Mental health: A year and half after the groundbreaking 10 high-impact changes were published comes a new version specifically for mental health services, writes Jackie Ardley
When the Modernisation Agency published the 10 high-impact changes for service improvement and delivery in September 2004, mental health leaders were keen to test their relevance and adapt them to improve mental health services.
But while there was a guide for primary care trusts and for clinicians, there was nothing for mental health.
Through its regional development centres, the Care Services Improvement Partnership has found examples of service and process redesign in health and social care communities. They focused on areas where the effect of the high-impact changes could be measured.
The result is the launch this month of the 10 high-impact changes for mental health services, and two accompanying publications.
These present the 10 areas that have the greatest positive impact on service user and carer experience, service delivery, outcomes and staff.
1 Treat home-based care and support as the norm
Aim: To avoid hospital admission unless necessary.
Example: Easington crisis resolution and home treatment team, Tees, Esk and Wear Valleys trust.
Reduction in admissions from 175 in 2002 to 128 in 2003 and 92 in 2004; 100 per cent were satisfied or very satisfied with the care they received; bed days were reduced by 649 over one year, saving£142,780.
2 Improve flow of service users and carers across health and social care by improving access to screening and assessment
Aim: To make it easier for service users and carers to access screening and assessment services.
Example: Northumberland, Tyne and Wear trust introduced full booking for its Newcastle and North Tyneside perinatal service.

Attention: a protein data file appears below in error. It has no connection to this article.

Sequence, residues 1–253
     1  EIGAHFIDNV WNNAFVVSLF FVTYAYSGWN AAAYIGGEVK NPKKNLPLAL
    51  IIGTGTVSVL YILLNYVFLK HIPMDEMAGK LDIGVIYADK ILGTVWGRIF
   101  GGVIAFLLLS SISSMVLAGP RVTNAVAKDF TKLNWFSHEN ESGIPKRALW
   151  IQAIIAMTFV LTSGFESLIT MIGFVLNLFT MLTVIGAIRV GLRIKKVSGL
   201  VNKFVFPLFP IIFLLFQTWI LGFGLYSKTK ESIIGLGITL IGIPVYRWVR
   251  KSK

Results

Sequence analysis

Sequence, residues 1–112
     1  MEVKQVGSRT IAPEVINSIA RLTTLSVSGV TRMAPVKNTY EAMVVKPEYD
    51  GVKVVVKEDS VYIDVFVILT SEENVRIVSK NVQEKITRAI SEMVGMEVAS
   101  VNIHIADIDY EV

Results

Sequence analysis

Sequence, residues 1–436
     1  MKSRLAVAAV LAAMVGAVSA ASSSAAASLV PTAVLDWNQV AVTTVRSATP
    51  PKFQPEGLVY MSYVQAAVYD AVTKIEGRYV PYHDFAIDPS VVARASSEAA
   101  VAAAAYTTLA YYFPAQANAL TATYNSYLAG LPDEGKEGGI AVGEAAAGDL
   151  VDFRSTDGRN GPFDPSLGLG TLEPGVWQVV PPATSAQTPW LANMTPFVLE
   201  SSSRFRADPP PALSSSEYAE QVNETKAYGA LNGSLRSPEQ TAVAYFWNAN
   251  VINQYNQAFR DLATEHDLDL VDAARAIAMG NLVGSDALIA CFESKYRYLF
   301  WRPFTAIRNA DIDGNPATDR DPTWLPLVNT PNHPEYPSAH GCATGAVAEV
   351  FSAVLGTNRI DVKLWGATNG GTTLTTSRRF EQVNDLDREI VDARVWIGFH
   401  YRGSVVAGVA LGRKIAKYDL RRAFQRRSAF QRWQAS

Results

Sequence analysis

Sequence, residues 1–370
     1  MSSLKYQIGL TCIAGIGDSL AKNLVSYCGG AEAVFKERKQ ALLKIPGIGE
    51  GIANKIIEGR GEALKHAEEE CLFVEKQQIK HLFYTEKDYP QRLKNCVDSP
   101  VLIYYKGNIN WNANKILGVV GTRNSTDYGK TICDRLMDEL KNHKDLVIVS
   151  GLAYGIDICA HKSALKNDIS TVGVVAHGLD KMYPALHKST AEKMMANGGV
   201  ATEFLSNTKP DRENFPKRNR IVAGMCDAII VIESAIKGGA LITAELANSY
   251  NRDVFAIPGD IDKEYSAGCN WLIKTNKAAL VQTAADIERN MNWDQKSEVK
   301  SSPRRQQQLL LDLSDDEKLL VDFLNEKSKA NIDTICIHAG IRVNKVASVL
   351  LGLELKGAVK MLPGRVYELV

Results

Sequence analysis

Average response time down from 21 days to 11 days; referrers' increased confidence in the postnatal depression protocol; a 50 per cent reduction in unnecessary referrals.
3 Manage variation in service user discharge processes
Aim: Timely and consistent discharge from all services.
Example: Sheffield Care trust adult mental health acute services introduced a discharge facilitator.
Reduced bed occupancy; of 182 users at risk of losing their home or needing a change in accommodation during 2004-05, 67 per cent did not experience any delays in discharge; delay periods were reduced by 50 per cent from an average 11 to five weeks
4 Manage variation in access
Aim: To ensure responsive and consistent access to services.
Example: East Cambridge and Fenland choose and book system, Cambridgeshire and Peterborough Mental Health Partnership trust.
Child and adolescent mental health services report a steady decline in did not attend rates; older people's services had a zero did not attend rate (96 referrals); positive feedback from users.
5 Avoid unnecessary contact for users and provide necessary contact in the right setting
Aim: To support effective planned and negotiated care and follow-up contact that is determined only by need or service user-led request.
Example: Mersey Care trust established a pharmacy technician to lead a seamless medicines management approach.
Service users are able to access all their medications via their GP and community pharmacy service; reduced prescription expenditure.
6 Increase the reliability of interventions by designing care around what is known to work and that service users and carers inform and influence